How to Refer to Deaf People
How to refer to deaf people: a cross analysis between English and Italian vocabulary
the.undeaf is an Instagram page that puts deafness and hearing loss at the center of daily life, encouraging us to rethink the way we perceive and approach these realities. With her contribution, Chiara Pennetta helps Accento look at Italian culture through a new lens.
When it comes to deafness and deaf people, it’s easy for non-experts to get lost in the variety of words and expressions one can use. Which are correct, which aren’t? Which are respectful and which are considered offensive?
In this article we’re going to try and give you a little glossary, with a bilingual twist: we’ll compare English and Italian vocabulary to compare these languages, but also the cultures and their representation of deafness.
What we shouldn’t say:
Deaf-mute (Eng.); sordomuto (Ita.): This label is technically inaccurate, since deaf people have functioning vocal chords, they are not mute. Many deaf people don’t use their voice to communicate because to successfully learn how to speak, you generally need to be able to hear your own voice. In Italy, the term “sordomuto” has been officially erased from all laws and documents with the Law 20 february 2006, n. 95, and replaced with the term “sordo” (“deaf”). This label is now considered offensive and incorrect in both the Italian and English language, but in Italy it isn’t uncommon to meet people still using it, usually older or rather ignorant people.
Deaf and dumb (Eng.); sordomuto (Ita.): these words literally translate into Italian as “sordo e stupido” (“deaf and stupid”). The term, and the idea that deaf people are also ignorant and stupid, comes from Ancient and Medieval times, when deaf people were considered to be incapable of learning and understanding anything. It was believed that those who couldn’t speak couldn’t also develop cognitive abilities. This term is highly offensive, and even if deaf people proved they can learn, communicate and largely contribute to society, there still is a widespread prejudice about their cognitive abilities and many people don’t seem to understand that the problem (if there is) lies with the inaccessibility of education and information.
Hearing impaired (Eng.); minorato dell’udito, audioleso, audioprivo (Ita.): in English, this label was long considered more politically correct and was largely used; it’s still common to find it written somewhere. Lately, the term has come to sound impolite because its focus is on what people can’t do. It establishes the standard as “hearing” and anything else as broken, damaged, incomplete. We can say the same about the three Italian words that translate it.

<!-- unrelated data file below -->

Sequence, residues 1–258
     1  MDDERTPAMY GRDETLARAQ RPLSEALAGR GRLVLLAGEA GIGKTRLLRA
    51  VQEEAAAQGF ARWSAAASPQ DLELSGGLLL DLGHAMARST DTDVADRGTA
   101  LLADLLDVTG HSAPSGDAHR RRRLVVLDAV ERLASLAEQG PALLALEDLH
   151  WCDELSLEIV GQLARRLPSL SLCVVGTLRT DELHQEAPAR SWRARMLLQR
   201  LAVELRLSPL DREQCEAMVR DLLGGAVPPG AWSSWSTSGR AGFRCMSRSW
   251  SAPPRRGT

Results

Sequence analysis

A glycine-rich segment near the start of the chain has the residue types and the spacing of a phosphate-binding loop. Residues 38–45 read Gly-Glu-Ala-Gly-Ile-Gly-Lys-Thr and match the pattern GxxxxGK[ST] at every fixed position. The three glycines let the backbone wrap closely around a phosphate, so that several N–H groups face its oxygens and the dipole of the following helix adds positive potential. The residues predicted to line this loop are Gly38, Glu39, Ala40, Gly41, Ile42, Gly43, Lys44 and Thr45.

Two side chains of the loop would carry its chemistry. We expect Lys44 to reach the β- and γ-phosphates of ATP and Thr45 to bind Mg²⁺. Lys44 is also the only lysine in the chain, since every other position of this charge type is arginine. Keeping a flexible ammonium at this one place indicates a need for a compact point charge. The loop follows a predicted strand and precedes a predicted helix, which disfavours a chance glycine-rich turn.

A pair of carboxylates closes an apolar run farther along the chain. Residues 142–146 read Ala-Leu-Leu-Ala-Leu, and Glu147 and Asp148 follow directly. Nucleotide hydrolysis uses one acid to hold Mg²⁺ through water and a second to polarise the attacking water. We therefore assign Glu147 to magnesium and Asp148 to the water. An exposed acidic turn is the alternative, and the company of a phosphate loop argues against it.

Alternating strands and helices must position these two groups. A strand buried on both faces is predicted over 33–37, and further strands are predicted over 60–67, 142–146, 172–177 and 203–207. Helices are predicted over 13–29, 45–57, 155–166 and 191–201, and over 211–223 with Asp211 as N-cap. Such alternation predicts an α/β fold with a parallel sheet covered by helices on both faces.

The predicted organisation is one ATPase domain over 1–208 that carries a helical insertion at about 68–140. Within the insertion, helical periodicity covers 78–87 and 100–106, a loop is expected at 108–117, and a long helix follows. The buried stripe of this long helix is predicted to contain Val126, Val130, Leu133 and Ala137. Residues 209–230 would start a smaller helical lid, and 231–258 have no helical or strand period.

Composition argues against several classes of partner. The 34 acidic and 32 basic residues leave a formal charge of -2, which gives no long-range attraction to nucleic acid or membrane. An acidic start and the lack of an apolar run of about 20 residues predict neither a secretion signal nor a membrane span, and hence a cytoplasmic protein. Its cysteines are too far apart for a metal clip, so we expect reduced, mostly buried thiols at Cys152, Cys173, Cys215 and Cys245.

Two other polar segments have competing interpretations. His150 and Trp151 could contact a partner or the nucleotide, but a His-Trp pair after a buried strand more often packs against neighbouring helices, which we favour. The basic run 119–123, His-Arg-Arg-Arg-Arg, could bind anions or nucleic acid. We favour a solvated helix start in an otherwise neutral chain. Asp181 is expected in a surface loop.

“Non-hearing” (Eng.); Non udente (Ita.): this Italian expression has been used (and is still being used) as a synonym for the word “deaf” and was long considered more politically correct than “sordo” (“deaf”). However, the Italian deaf community despises it because it focuses on a negative, on what people aren’t. Saying “sordo”, on the contrary, means using a positive language that identifies and respects people for what they are.
Affected by/suffers from (Eng.); affetto da/soffre di (Ita.): deafness isn’t an illness, but a condition. We shouldn’t talk about it as if it were; also, assuming that people suffer because of their deafness can be impolite and reinforces the concept that being deaf is an unpleasant negative thing.
What we can say instead:
Deaf (Eng.); sordo (Ita.): the plain and simple word is also the more correct and preferred by the deaf community. Deafness is no longer considered something to hide or to be ashamed of (at least it shouldn’t be) and to declare ourselves as “deaf” also means to reclaim our identity as a whole, existing independently and not in relation to or opposed to hearing people.
Deaf vs deaf (Eng.); Sordo vs sordo (Ita.): lowercase d/s refer to a person that is deaf or hard of hearing in general. Capitalized D/S is sometimes used by people that identify with deaf culture, are part of the deaf community and usually have sign language as their first language.
Deafhood (Eng.): the term comes from Paddy Ladd’s book “Understanding Deaf Culture: In Search of Deafhood” (2003). Its definition is: “a process by which Deaf individuals come to actualize their Deaf identity, positing that these individuals construct that identity to their heightened forms by various factors such as nation, era, and class.” Deafhood defines being deaf as a positive thing, and it could be translated into Italian as “lo stato dell’essere sordo”, “identità sorda”.
Hard of Hearing (Eng.); ipoacusico/ipoudente (Ita.): “hard of hearing” (HoH) literally translates into Italian as “duro d’orecchi”, but this phrase is not very common in Italy, at least not to identify a deaf person. HoH and its Italian equivalent “ipoacusico” often are used in referring to people that have a mild/medium hearing loss and/or that are deaf but use hearing devices such as hearing aids or cochlear implants that help them recover their hearing.
Everyone is free to chose how to identify and define themselves. We should respect every choice without judgement. At the same time, we have to remember that words are never “just words”. They help spread awareness, respecting people, and acknowledging their identities… Handle them with care!